Tuesday, August 30, 2011

On Growing Up

Growing up is funny. When we're kids, all we want is to be a grown up; and when we're grown up, all we want to know is what the hell was so appealing about being older when we were kids.

Apparently I'm an adult. In 9 months, I'll be 25. A quarter of a century. And I'm already starting to freak out. Not because it means I'm that much closer to being 30.

Ok, maybe a little because it means I'm that much closer to being 30.

And not because 25 used to seem so old when I was kid.

Even though it did.

But because I feel so... unaccomplished.

Which I'm sure sounds entirely ridiculous to some of you. Yes, I am working on my second bachelor's degree and yes I am less than a year away from being a nurse, but that's it.

I am a planner. I have had my life planned since I knew what "the future" meant. Of course, said plans have had to be tailored quite often because, you know what the proverbial they say, "We plan, God laughs." But it has still been hard dealing with what my reality has become.

Ten years ago I was 14 and a freshman in high school. I had grand plans of dating a number of boys, making my friends for life, having a stellar social life, then I'd go off to college and major in Spanish, become an interpreter, find my husband, get married at 22, and kids at 23, 25, 27, and 29. I'd, of course, keep in touch with all my bff's from high school for ever and ever.

HA. None of that crap happened.

Obviously I'm not a Spanish interpreter... or a special ed teacher... or a journalist (the latter two being my initial major and eventual degree, respectively). And I clearly am not married or on my way to having child number 2.

Which is perfectly fine (because holy cow, I am so not ready to be married. And I do kind of have baby fever, but I still love sleeping until 11 am, so I'm glad I don't have kids yet) and I know God has a different path for me, but it has still been hard.

Never in my wildest dreams did I think at 24 I would still be in school, unemployed, heavily reliant on my parent's, and still single.

Every day I log onto facebook and somebody new from high school or college is engaged, or married, or expecting a baby. People talk about office life, trips with their girlfriends, finishing grad school, and moving to somewhere new and exciting. I know it's not right to compare myself to others, and in many ways I don't, but it really can bring a girl down to see where I could be and where I actually am.

So in 10 years, who knows where I'll be. I assume I'll be an RN and working in NICU or peds. God willing, I'll (ideally) be married and definitely have at least one child. Hopefully I'll be living in Florida/California/somewhere warm and hopefully, by that point, I will have everything I ever dreamed of, which really isn't much.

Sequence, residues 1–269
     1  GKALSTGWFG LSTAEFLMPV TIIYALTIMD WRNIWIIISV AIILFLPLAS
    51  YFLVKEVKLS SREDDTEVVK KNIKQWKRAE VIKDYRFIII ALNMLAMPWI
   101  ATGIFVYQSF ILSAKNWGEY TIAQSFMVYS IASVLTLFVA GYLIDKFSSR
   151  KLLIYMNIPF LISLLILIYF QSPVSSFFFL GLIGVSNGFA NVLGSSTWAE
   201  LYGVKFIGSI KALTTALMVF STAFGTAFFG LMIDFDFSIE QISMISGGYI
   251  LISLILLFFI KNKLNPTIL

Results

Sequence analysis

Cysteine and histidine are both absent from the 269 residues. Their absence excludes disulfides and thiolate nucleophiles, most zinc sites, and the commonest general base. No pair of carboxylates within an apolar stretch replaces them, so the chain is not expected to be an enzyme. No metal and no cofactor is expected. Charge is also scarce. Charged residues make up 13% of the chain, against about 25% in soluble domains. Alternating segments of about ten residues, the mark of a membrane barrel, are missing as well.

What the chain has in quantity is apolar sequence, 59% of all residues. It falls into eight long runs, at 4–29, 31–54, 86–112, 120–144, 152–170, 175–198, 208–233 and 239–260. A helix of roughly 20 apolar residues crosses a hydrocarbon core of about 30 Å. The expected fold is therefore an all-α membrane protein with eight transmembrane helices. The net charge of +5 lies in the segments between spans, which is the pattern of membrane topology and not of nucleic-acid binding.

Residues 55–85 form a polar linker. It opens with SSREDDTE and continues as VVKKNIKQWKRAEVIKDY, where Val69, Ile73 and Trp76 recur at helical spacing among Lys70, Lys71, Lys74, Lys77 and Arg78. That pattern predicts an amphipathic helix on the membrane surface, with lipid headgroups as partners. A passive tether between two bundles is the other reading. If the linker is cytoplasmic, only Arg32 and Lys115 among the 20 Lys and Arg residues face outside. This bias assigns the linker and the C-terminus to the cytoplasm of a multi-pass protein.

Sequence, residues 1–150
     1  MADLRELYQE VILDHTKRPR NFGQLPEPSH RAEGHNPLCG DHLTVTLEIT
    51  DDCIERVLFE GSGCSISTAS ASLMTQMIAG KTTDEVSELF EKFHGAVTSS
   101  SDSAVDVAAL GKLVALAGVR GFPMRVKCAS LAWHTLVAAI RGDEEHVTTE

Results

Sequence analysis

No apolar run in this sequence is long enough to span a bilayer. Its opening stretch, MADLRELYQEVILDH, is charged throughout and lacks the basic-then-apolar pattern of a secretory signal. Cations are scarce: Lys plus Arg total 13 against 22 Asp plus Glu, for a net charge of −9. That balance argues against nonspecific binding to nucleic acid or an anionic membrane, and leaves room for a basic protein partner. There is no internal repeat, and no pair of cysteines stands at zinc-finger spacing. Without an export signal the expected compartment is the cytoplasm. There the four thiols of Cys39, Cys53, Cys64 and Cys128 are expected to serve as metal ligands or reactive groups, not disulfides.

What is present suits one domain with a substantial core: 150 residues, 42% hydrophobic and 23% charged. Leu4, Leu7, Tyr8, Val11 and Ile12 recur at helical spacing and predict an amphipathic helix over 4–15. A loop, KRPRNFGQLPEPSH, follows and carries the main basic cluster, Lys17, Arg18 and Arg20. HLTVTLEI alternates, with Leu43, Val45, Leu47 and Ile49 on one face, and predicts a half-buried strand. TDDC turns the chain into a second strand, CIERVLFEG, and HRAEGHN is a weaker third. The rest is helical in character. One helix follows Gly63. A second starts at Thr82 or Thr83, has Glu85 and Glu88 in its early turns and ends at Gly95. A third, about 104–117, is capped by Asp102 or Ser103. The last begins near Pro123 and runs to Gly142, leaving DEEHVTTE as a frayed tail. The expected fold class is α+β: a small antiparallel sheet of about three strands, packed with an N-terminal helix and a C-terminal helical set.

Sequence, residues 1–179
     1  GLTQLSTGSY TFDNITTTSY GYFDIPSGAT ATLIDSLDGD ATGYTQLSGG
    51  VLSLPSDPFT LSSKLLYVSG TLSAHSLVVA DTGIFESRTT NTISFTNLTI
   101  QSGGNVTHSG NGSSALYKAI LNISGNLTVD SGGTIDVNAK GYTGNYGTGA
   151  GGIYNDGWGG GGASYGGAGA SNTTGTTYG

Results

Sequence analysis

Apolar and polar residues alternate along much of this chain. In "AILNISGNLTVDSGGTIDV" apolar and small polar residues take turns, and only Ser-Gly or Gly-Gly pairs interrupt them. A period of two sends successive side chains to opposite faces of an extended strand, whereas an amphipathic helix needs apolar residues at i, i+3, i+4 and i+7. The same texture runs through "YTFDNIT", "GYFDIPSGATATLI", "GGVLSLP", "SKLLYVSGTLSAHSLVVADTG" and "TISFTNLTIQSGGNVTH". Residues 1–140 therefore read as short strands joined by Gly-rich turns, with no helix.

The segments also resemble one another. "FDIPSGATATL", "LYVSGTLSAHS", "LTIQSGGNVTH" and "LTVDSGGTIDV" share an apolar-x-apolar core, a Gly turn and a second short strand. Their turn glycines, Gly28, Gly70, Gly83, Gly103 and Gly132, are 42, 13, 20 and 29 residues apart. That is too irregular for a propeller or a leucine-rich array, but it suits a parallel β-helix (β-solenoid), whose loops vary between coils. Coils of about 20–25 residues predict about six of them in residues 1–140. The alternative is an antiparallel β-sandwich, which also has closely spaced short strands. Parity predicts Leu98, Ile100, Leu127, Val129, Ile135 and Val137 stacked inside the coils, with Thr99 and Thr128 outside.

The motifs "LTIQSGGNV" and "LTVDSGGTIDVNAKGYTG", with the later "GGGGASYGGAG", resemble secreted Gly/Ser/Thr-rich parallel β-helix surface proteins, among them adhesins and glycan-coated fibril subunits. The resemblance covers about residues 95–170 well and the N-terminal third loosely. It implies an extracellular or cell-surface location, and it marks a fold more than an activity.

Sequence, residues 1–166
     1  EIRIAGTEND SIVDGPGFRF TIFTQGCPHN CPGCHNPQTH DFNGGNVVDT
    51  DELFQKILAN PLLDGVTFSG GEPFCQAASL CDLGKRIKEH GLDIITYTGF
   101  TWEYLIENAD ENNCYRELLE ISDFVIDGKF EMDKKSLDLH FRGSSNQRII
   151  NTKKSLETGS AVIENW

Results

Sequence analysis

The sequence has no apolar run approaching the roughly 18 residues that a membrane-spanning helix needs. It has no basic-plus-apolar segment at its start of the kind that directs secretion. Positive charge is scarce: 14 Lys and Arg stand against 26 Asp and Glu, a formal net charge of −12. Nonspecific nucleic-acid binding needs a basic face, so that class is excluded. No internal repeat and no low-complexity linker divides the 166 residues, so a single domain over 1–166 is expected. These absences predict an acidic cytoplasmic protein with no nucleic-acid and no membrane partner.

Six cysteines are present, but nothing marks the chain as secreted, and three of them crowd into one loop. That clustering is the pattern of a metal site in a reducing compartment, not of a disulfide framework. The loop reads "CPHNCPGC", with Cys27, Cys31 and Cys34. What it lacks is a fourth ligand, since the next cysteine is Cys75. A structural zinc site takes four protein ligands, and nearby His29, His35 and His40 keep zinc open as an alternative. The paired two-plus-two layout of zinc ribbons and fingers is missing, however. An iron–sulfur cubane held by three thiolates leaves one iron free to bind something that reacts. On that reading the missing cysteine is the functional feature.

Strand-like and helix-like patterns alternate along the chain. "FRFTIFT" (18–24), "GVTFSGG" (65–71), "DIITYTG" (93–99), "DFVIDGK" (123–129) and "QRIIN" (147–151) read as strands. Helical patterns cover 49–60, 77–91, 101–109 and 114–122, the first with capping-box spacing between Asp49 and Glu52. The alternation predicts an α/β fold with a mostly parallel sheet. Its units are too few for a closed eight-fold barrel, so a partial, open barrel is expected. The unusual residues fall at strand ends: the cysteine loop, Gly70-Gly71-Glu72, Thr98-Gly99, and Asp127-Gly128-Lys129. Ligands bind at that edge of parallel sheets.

Whatever God has in store for me, I'm sure it's bound to be great and I'm sure I'll learn to be happy, as I have learned to be (as) happy (as I can be) with my current situation.

I just hope those plans include don't include a major quarter-life crisis.

And fewer bills would also be nice.


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Thursday, August 18, 2011

Fall Schedule

I received my schedule for the fall, which will be broken down into two 7-week sessions. The first seven weeks I will be in class MWF, clinical at a hospital in Ft. Wayne, and a "free" day Thursdays.

MW- 7:50am-9:50am Physical Assessment

MWF- 10am-12pm Adult Health I

M- 1:15pm-3:05pm Physical Assesment Lab

T- Clinical in Ft. Wayne for 5 weeks, 7am-3pm. Ft. Wayne is over an hour drive from campus, so I'll have to wake up at 5. Have I ever mentioned how I am so NOT a morning person. And I don't drink coffee, tea, or energy drinks. Anyone have suggestions for waking up the mind & body that early in the morning?

W- 1:15pm-3:05pm Advanced Principles of Intervention

F- 2:15pm-4:05pm Advanced Principles of Intervention Lab.

The second 7-week session I'm not sure where my clinical will be or what day, but here is my class schedule. I'm really excited for these classes:

MWF- 10am-11:20am Nursing Care of Children

MWF- 12:30pm-2:30pm Pharmacology

MW- 2:40pm-4:40pm Maternal/Newborn Nursing

After those 14 weeks, I get another month off! Hopefully this semester goes as fast and I manage to do just as well as I have done so far.



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Sunday, August 14, 2011

Book Review: Under the Banner of Heaven


I started this several months ago, read the majority of it, and have yet to finish it. At this point, I'll probably start it over in a few years and hopefully be more successful in getting through it.

If you've ever wanted to know an insane amount of information regarding the history of the Mormon church, then this is the book for you. Not that it wasn't interesting, because I actually do find the Mormon faith to be incredibly fascinating, but it was just really, really heavy with detail and opinion. Then it talks heavily about the fundamentalist Mormons and that's exactly where I got lost. I am intrigued by the FLDS and polygamy, but I'd prefer to hear true accounts of this life-style, not the history of their beliefs. For me, I was hoping "Under the Banner of Heaven" would be the true story of two brother's who killed their sister-in-law and niece as an alleged atonement of their faith, because that's exactly what I thought the book sleeve said the book was about.